As the lenient measures taken by the General Court, coinciding with the wishes of all good men who love their country, and ardently wish for the perfect restoration of peace and tranquility, cannot fail to convince the people of the whole State, that should the unhappy and deluded offenders, the subjects of said indemnity, again spurn at the clemency of government, and continue their attrocious and traiterous exertions to overthrow the Commonwealth, the most spirited and decisive measures must be adopted: And I cannot but believe, that the good sense of my fellow-citizens, the regard the people have for the Constitution of civil government established by themselves; their knowledge of their true interest; the obvious necessity of good government, and the unhappy and distressing consequences of supporting government by the sword, will unite all ranks and orders of men, in the pursuit of peace, good order and due obedience to the laws.

AND all officers civil and military, who may be called upon in the duty of their offices to carry the resolve aforesaid, into execution, are hereby strictly enjoined to yield a ready and punctual attention to the same.

GIVEN at the COUNCIL-CHAMBER, in BOSTON, the fifteenth day of JUNE, in the year of our LORD, one thousand seven hundred and eighty-seven, and in the eleventh year of the INDEPENDENCE of the UNITED STATES of AMERICA.


By his Excellency's Command,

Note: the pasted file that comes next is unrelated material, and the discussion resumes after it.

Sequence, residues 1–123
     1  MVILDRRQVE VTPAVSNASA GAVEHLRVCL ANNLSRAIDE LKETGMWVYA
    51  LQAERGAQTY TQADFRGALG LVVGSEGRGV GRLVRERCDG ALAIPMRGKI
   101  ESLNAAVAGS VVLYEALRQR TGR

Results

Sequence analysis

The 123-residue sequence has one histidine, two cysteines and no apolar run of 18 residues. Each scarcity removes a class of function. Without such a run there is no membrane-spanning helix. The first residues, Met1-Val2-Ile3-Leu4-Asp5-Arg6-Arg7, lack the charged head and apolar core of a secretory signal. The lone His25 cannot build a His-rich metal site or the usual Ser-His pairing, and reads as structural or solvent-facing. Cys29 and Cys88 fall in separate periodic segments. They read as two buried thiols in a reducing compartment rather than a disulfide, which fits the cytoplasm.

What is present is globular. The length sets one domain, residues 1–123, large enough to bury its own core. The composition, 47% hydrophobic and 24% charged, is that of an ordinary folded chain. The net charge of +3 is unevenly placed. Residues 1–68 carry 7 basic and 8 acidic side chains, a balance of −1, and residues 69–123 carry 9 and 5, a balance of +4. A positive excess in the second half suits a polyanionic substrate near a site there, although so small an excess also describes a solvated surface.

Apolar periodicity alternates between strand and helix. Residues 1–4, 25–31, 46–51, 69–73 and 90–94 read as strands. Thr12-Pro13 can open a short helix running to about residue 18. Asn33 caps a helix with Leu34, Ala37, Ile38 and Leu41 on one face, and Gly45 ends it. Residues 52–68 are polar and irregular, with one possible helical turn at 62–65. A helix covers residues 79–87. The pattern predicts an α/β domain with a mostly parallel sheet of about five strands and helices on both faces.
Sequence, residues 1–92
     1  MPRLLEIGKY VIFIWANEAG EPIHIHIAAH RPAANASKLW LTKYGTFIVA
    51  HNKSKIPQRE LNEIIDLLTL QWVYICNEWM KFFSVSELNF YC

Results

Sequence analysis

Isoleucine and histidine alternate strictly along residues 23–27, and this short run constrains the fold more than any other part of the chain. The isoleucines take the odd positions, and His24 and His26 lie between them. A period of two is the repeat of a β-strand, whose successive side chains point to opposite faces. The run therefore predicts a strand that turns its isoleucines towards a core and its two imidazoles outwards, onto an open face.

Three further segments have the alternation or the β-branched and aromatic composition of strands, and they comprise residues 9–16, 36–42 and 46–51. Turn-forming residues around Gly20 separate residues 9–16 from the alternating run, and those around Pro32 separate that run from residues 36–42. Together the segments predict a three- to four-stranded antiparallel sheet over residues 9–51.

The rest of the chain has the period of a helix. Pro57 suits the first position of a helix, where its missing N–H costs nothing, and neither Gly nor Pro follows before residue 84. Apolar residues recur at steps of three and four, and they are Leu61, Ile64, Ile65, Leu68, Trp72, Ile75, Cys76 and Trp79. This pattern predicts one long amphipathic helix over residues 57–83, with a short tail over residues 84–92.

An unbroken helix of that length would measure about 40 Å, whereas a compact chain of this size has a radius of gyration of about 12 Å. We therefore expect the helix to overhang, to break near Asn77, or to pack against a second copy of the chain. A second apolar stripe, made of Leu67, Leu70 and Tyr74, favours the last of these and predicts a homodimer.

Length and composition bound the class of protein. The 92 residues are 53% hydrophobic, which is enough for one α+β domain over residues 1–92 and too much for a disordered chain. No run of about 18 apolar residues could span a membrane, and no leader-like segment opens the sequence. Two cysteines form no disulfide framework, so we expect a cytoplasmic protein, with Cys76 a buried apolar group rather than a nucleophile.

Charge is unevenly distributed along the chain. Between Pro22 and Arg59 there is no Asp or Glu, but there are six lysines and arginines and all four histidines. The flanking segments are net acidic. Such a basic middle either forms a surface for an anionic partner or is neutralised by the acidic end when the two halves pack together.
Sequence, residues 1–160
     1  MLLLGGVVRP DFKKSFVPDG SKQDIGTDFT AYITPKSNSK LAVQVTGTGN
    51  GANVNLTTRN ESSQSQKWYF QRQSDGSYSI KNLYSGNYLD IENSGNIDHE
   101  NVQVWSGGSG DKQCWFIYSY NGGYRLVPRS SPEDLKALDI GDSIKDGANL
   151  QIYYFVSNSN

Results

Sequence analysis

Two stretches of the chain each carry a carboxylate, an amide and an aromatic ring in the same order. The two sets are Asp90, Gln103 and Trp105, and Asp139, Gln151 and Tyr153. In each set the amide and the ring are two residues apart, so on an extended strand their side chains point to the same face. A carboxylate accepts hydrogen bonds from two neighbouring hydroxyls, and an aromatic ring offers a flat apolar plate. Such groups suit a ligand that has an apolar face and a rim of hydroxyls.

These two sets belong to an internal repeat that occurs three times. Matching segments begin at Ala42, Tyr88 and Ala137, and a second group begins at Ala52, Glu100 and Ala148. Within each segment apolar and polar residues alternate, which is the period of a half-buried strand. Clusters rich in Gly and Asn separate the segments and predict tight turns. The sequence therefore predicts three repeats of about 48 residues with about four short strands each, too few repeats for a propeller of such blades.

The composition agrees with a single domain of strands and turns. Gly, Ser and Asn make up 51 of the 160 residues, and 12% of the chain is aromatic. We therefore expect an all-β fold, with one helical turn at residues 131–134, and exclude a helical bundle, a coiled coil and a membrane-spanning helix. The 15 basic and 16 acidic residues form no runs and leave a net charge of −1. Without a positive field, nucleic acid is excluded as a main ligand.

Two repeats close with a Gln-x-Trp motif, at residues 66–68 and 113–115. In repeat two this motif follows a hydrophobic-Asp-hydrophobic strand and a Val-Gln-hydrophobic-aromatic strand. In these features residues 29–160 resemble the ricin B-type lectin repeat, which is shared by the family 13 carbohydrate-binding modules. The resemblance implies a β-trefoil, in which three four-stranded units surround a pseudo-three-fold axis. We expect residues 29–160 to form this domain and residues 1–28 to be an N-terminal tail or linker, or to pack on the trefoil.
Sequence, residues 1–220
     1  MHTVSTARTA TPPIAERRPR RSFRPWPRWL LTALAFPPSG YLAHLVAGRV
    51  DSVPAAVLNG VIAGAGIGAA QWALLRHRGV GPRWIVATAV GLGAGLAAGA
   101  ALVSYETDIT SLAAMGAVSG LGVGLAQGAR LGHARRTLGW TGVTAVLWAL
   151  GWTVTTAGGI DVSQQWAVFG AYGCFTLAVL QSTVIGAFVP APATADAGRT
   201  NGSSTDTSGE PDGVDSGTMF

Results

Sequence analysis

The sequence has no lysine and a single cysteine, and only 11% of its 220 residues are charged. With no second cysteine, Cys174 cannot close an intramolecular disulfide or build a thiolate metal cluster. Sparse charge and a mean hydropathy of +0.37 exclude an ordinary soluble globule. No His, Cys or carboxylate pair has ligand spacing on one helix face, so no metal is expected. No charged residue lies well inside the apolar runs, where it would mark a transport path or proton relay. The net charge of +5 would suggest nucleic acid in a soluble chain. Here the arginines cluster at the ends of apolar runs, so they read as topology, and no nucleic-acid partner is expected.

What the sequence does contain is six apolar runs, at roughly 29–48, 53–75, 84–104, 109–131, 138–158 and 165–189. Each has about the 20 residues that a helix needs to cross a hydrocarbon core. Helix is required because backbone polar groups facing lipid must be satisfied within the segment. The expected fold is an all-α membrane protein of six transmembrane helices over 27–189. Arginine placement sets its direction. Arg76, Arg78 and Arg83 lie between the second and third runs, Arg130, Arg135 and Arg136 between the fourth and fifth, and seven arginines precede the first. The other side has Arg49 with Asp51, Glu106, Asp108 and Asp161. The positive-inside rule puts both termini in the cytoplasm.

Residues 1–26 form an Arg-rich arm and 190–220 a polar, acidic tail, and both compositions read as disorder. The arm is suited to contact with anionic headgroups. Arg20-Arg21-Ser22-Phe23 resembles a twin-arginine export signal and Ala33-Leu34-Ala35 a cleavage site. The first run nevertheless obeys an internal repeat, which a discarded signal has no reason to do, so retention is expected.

JOHN AVERY, jun. Secretary


(c) Pocumtuck Valley Memorial Association, Deerfield MA. All rights reserved.
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There is currently no available "Beginner" label. The following is the default level label: Economic, social and political turmoil plagued every state in the years immediately following the American Revolution (1775-1783). In Massachusetts, large numbers of residents took up arms against the state in what became known as Shays' Rebellion (1786-1787). The Massachusetts government swiftly repressed the movement. This proclamation by the governor extends mercy and forgiveness to those who were "misled in their participation" in Shays Rebellion, providing they take the oath of allegiance to the Commonwealth before September 12, 1787. The crimes of Daniel Shays (1747-1825) and the other leaders were believed to have been too serious to be included, and were not forgiven.


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Proclamation regarding Shays' Rebellion

printer   Adams and Nourse
creator   John Avery
creator   John Hancock (1737-1793)
date   Jun 15, 1787
location   Boston, Massachusetts
width   13.0"
height   16.0"
process/materials   printed paper, ink
item type   Public Announcements/Broadside
accession #   #L03.001

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See Also...

Military Firearm Log for Shays' Rebellion

Receipt of Caleb Phillips

Oath of Allegiance [Faith]

Bill from Deerfield Selectmen for Military Supplies used in Shays' Rebellion